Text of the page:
If you’ve ever worried a bear might be after your picnic basket, you may want to take the hardest, hilliest trail to your destination. That’s the take-home message of a new study, in which researchers got nine bears to run on treadmills—a first for science—and found that they, like their laziest human counterparts, prefer flat paths to save energy. The study, scientists say, may help explain why bears are often found around popular hiking trails.
Grizzly bears (Ursus arctos horribilis) need to stock up on energy before they slip into winter hibernation. As opportunistic omnivores, they eat just about anything—berries, roots, grass, insects, and meat—to put on weight. That requires a lot of foraging, but what paths they pick while looking for food was a mystery. “This study does for bears what Fitbit and other fitness trackers have done for people,” says Scott Nielsen, a conservation biologist at the University of Alberta, Edmonton, who was not involved in the study.
To find out how grizzly bears spend their energy while searching for food, researchers at Washington State University’s Bear Research, Education, and Conservation Center placed a treadmill in a custommade, sealed enclosure, built with steel frames and polycarbonate sheets to make them air-tight. Then, they trained nine captive bears to walk and run on the treadmill at various slopes, both uphill and downhill.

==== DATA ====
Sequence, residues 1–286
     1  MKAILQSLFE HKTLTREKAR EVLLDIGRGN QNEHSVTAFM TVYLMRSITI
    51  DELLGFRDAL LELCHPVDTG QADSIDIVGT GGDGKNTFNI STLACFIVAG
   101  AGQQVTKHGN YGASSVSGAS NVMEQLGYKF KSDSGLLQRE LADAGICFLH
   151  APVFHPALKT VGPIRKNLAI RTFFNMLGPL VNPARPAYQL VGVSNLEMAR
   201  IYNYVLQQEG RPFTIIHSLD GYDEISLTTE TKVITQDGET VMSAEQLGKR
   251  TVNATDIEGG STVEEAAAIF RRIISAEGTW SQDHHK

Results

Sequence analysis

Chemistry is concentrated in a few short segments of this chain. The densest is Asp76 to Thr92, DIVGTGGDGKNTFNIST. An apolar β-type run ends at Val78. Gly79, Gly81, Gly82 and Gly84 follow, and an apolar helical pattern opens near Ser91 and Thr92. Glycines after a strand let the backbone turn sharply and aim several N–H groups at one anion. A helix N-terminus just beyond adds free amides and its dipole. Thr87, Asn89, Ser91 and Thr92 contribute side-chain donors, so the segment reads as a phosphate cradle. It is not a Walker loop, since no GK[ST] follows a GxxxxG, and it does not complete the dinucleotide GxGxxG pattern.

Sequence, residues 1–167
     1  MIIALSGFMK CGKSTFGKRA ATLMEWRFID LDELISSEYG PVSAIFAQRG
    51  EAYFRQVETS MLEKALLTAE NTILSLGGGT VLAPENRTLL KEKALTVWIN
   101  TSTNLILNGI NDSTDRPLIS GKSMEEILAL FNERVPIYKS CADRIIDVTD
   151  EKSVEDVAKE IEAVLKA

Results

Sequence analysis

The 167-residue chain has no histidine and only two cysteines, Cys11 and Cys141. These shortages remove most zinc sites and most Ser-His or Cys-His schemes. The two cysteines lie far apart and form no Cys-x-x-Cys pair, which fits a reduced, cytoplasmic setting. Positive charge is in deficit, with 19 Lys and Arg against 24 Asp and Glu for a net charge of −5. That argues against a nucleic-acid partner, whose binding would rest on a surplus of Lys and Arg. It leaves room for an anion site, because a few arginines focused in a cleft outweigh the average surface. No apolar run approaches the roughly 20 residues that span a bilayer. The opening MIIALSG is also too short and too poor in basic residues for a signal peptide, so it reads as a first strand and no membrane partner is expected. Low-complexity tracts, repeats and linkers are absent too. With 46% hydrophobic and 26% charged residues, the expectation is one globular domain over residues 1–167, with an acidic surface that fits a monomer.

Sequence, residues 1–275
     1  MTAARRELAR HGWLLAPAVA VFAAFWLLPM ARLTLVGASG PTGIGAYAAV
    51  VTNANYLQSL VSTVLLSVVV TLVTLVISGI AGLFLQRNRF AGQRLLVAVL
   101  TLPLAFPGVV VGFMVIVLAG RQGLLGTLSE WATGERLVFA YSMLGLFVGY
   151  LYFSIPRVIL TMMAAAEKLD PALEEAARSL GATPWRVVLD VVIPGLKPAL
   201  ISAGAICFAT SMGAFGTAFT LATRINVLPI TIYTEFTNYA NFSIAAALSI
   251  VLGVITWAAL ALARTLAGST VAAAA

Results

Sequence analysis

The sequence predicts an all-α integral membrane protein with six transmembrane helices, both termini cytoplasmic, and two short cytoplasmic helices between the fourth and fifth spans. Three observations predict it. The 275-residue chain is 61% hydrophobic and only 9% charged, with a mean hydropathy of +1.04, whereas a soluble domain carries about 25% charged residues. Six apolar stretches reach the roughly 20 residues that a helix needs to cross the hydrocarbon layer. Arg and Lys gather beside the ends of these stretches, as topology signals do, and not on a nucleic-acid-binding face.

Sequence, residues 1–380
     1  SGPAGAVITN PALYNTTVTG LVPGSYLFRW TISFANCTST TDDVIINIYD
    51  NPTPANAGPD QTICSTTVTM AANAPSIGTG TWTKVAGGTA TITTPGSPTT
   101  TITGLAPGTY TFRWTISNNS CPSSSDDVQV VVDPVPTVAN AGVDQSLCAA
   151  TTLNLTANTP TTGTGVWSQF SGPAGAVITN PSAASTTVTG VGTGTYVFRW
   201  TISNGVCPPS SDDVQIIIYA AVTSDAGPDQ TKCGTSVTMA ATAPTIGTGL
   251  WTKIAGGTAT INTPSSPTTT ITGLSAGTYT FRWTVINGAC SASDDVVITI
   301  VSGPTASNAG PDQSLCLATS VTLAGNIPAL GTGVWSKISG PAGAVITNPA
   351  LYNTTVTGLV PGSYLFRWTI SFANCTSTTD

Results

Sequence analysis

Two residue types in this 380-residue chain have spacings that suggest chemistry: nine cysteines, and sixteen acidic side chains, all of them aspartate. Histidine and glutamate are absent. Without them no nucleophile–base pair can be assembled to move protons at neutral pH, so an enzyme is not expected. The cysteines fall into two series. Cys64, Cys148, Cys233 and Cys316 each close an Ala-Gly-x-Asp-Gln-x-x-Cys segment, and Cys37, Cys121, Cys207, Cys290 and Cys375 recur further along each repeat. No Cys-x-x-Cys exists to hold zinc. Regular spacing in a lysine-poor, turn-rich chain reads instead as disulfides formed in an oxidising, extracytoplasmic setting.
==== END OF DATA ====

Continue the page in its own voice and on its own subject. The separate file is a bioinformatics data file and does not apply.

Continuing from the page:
Training the bears was no easy task. Before beginning their experiments, the researchers acclimatized the bears to the treadmill enclosure over 2 months, using generous handouts of apple slices and pieces of hot dog as rewards. “First they were sitting around and relaxing on the treadmill. When [the machine] started, they were puzzled and could not understand why they were moving away from their food,” says co-author Charles Robbins, a biologist at the center. Instead of walking, the bears tried crawling to reach the food. Eventually, the researchers increased the treadmill speed so the bears had to walk.
“The bears did an excellent job,” says Anthony Carnahan, lead author of the study. “Some of them learned a lot quicker than others.”
Each bear walked about 6 minutes on the treadmill at varying slopes (see video, above). The researchers measured the amount of oxygen the bears used while walking and could estimate the calories they consumed. The most energy-efficient walking speed across all slopes for the bears was about 4.2 kilometers per hour, they report today in the Journal of Experimental Biology.
Next, the researchers compared that pace with tracking data from 30 grizzly bears wearing GPS collars near Yellowstone National Park. The GPS data revealed the bears usually walk at only 2 kilometers per hour, comparable to a slowly hiking human. “It turns out that they don’t move as efficiently as they could,” Carnahan says. Although their speed isn’t the most energy efficient, it gives them time to look for food while they wander. The wild bears also preferred paths that were either flat or had shallow slopes—no more than a 10% grade uphill or downhill.
Unfortunately, that means many hikers will continue to encounter grizzlies—an experience that can invoke awe, fright, and curiosity for both bears and humans, Robbins says. He hopes the findings can help people understand why they might encounter bears and do what it takes to stay safe.
The research also adds a vital piece to the puzzle of energy dynamics in the bear world, Nielsen says. He’s putting together an “energy map” for grizzly bears based on food availability in various habitats and is excited about integrating the findings into his work. Biologists might be able to better understand how much and how fast bear populations can recover from recent drops in population if they know their energy needs and how many calories are available in the wild, he says. After all, life as a grizzly bear is no picnic.